IBM Informix Web DataBlade: Local root by designFrom: Simon Lodal (email@example.com)
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Date: Wed, 17 Apr 2002 21:34:55 +0200 From: Simon Lodal <firstname.lastname@example.org> To: email@example.com
IBM Informix Web DataBlade: Local root by design
By Simon Lodal, Denmark
Vendor status: Notified months ago, said they would be working on
updates, never heard anything.
Software: Web DataBlade 4.12, IDS 9.20/9.21, Linux 2.2/2.4, SunOS 5.7
(OS, IDS and WDB versions seem to be irrelevant).
Impact: Any user who can: 1) Save a Perl script anywhere on the server's
disk, 2) Run WebDataBlade HTML code of his own choice (calling that Perl
script) ... can execute any code of choice as the database uid, which is
usually root. Any WDB developer can do this. Any other local user with
admin right on any database can do it by loading the WDB module into
their database. Other local users will not be able to exploit this by
default, but if just one WDB developer has lax permissions on his
scripts, other users may modify it to assign root access to themselves.
Finally, the SQL injection vulnerability (other report) allows any
remote user to save Perl script and execute it from HTML code. These
vulnerabilities can therefore be combined into a remote root exploit.
Workaround: Disable the entire Perl script feature. I believe it must be
enabled explicitly, but that may depend on how you got Web DataBlade.
However, any site needing to send mail, copy/move/create/delete external
files, or otherwise communicate with the world outside the database,
will usually need to use this feature, as it is the easiest way to do
these things (alternatives are C and Java).
The Web DataBlade has an unrestricted facility for running commands of
choice as the database user. The database runs as root, unless you have
taken special precautions to start it as another user. Therefore you get
root, by design. Or at least "informix", if the administrator managed to
start the database as this user.
The Web DataBlade language has no builtin commands for dealing with
files, network etc. Instead, Informix allows calling external scripts.
Such a feature, you would think, would simply allow execution of shell
commands, like system(). But Informix decided a much more complex setup
using a long-running daemon written in Perl. You can not call shell
commands from the HTML pages, instead pages instructs the daemon to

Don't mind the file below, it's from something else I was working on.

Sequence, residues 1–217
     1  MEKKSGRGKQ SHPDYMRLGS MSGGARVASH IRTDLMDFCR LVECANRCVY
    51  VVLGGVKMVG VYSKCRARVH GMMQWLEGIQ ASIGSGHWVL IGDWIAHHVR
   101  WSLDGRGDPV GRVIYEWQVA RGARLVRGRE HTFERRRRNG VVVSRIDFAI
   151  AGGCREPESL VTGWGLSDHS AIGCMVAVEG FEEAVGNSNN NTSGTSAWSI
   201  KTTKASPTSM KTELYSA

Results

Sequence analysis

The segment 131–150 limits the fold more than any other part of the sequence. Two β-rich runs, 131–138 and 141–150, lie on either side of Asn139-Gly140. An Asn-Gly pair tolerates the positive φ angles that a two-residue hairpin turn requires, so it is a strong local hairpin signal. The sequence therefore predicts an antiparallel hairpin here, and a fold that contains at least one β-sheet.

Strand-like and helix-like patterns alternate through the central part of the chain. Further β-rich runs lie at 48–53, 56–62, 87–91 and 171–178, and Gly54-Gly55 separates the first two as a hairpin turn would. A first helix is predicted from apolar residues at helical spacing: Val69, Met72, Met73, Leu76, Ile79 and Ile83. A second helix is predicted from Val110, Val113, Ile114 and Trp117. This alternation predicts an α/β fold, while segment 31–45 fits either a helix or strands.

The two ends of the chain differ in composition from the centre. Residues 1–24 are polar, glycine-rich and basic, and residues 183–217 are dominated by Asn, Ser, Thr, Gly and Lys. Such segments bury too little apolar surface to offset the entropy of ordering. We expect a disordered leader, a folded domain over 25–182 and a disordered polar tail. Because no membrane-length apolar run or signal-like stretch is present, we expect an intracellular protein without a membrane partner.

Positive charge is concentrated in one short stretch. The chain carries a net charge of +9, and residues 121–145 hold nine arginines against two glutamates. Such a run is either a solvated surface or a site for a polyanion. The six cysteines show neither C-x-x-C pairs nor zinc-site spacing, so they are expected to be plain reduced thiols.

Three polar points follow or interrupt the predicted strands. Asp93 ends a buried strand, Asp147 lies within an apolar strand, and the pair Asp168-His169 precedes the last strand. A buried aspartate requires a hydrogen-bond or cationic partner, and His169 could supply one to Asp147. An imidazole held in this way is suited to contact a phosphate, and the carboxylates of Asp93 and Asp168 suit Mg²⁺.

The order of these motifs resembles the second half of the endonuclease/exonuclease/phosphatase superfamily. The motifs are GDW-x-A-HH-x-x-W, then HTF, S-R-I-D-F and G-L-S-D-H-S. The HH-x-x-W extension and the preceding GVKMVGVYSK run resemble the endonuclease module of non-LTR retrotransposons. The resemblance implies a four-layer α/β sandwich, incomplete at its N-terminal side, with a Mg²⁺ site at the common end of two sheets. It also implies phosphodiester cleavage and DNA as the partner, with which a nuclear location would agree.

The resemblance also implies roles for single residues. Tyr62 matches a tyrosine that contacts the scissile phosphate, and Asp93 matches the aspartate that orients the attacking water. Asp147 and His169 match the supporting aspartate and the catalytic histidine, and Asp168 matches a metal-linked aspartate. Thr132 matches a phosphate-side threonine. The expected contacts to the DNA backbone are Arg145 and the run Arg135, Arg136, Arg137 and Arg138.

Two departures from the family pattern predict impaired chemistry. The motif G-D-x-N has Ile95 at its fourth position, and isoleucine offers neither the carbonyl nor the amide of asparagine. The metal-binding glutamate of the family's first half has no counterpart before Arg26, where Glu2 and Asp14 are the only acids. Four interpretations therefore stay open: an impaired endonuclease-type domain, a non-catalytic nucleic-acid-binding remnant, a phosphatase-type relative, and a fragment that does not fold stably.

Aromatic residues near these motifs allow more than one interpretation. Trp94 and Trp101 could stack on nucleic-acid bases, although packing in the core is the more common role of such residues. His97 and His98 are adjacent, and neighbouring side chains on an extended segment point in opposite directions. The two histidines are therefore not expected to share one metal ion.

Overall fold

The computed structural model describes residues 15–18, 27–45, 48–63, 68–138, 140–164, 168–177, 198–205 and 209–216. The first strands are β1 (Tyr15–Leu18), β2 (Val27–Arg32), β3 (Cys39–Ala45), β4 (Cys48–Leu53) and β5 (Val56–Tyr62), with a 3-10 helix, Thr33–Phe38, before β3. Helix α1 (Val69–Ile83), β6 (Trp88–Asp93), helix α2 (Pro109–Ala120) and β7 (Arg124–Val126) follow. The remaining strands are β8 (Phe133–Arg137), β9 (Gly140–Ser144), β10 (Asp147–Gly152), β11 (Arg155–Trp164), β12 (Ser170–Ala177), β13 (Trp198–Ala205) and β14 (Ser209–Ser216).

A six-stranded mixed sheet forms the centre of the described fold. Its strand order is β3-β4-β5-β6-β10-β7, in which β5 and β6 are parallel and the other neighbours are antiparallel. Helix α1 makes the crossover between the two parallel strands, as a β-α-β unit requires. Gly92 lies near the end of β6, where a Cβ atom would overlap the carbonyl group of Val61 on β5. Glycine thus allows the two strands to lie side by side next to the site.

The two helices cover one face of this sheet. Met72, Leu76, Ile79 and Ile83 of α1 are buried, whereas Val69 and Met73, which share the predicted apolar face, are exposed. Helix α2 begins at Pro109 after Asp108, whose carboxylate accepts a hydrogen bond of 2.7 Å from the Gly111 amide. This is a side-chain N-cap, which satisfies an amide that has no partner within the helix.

execute a labeled piece of (Perl) code; a "meta" function. The Perl
daemon is connected through a socket connection. The daemon is started
the first time a function in it is called, and keeps running until the
database itself is shutdown.
This design may look nice. Some actions can be done with Perl code
alone, avoiding spawning a new process and thus potentially gaining
speed. Too, it limits what commands can be run; this is decided by the
person who has access to change the Perl script. And it can take some
complexity away from the HTML code.
But now the trouble. Anyone with write access to somewhere on the
server's disk can add his own Perl script. Anybody who can add WDB HTML
code request his own page and thus call the script and the functions
within it. Several different Perl daemons can run simultaneously, and
there are no restrictions on where the scripts should be placed, who can
call the actions within them, who should own them or what their
permissions should be.
All this would not be so bad, if the script were just run as
stand-alone, one-shot shell commands, running under the uid of the
calling user. But the scripts are started by the database, and keep
running as the database user (again, usually root), regardless of
caller's identity. Simply said, you can create a Perl script of choice
and have it run as root.
Unfortunately this is an utter design mistake which can not easily be
fixed, at least not without breaking existing scripts. The Webdriver
module usually logs into the database using one specific
username/password, but it can also be configured to login on behalf of
the actual user making the connection to the webserver. This would not
be a problem if external commands were executed as separate processes
running under the uid of the connecting user, but here we are dealing
with a daemon executing commands on behalf of possibly many different
uids (any uid which the webdriver can connect as). And in their infinite
wisdom Informix decided that when we dont know which uid we will serve,
they'll better just get the uid of the database server itself, which
usually happens to be root. They simply did not even think about how to
deal with the change of uids. A brief discussion I had with a developer
at Informix clearly indicated complete lack of understanding of this
As a sidenote, Informix' own example script contains an action which is
intended to allow execution of user-defined Perl code...
Proof of concept: I am not going to provide the exact syntax here since
that does not help the description any further. Anyone with access to a
machine running WDB can fetch the example script and modify it. Try fx
to write a new file, and see who gets to own it.